Arundel History

September 24, 2006

On Sept. 29, 1767, a 17-year-old slave disembarked at City Dock in Annapolis after a brutal ocean voyage from West Africa. His name, Kunta Kinte, has taken on a legendary quality, but only after the efforts two centuries later of his descendant Alex Haley.

Relying on his grandmother's memories - she was a family griot, or storyteller - Haley sought to memorialize Kinte's life in his international best-seller, Roots.

According to Haley family history, Kinte was sold into slavery in a town called "Naplis." Maryland was then a busy center for the burgeoning slave trade to the American Colonies.

Haley's research identified a slave ship, the Lord Ligonier, which sailed from the Gambia River on July 5, 1767, with 140 captured Gambians.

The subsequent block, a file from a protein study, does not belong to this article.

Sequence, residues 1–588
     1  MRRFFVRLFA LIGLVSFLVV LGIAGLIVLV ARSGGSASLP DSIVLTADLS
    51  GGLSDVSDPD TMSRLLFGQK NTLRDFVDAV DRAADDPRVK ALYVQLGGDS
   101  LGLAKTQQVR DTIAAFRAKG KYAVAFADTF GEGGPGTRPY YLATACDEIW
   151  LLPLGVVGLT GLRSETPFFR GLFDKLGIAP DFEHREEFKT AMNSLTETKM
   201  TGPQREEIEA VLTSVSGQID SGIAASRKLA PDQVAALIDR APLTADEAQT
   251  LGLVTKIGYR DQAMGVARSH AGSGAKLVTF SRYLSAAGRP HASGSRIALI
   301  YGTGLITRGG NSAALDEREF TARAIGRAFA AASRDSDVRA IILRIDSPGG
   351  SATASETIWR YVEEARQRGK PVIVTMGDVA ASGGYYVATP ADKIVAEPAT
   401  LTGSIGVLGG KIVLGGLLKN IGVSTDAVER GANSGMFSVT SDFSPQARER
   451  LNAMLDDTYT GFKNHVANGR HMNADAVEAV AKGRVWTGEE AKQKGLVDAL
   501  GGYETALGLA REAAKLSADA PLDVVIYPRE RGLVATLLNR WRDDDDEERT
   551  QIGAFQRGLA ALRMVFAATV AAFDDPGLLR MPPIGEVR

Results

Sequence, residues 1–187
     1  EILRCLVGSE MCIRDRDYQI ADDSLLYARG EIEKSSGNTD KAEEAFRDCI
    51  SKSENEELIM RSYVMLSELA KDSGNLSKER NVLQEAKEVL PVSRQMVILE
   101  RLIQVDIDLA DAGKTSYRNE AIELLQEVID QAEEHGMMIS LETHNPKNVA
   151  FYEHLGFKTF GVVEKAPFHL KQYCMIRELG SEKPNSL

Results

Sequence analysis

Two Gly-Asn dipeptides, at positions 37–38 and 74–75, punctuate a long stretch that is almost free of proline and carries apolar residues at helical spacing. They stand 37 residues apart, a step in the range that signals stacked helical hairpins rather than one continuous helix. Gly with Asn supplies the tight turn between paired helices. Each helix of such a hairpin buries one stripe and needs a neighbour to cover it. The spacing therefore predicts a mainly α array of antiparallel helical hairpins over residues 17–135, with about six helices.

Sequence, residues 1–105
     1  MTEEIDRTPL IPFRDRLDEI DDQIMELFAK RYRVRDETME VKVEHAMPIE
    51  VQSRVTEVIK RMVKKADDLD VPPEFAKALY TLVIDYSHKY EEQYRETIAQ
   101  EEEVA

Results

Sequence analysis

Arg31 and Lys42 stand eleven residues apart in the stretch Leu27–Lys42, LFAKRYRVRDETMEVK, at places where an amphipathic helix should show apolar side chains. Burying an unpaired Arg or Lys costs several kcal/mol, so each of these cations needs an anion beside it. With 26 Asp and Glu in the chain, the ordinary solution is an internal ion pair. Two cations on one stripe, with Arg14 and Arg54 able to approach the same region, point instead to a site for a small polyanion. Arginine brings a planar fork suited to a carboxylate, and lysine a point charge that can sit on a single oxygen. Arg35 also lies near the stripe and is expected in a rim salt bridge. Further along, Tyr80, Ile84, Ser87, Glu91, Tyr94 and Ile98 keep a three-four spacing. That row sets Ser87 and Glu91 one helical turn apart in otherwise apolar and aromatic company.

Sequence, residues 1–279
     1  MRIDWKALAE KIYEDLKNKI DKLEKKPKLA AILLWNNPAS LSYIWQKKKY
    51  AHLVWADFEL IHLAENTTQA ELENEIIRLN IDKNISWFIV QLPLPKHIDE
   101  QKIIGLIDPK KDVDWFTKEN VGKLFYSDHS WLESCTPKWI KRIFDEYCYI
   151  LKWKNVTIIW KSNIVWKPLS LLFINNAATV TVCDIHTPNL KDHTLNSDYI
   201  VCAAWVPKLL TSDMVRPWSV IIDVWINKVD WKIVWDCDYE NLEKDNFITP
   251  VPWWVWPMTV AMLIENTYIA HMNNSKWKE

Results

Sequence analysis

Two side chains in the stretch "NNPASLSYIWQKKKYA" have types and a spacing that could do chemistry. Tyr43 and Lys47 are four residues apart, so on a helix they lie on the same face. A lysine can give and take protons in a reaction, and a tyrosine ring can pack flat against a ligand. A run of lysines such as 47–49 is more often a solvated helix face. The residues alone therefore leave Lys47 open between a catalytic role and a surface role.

It arrived at its destination with only 98 survivors.

The Gambians were sold into slavery on Oct. 7, according to an advertisement in the Maryland Gazette. Today, a memorial on the waterfront honors Kinte and Haley.

Next weekend, the annual Kunta Kinte Heritage Festival will be held at the Anne Arundel County Fairgrounds.

[Source: The Kunta Kinte-Alex Haley Foundation, Inc. and Paul McCardell, Sun library researcher.]

Baltimore Sun Articles
|
|
|
Please note the green-lined linked article text has been applied commercially without any involvement from our newsroom editors, reporters or any other editorial staff.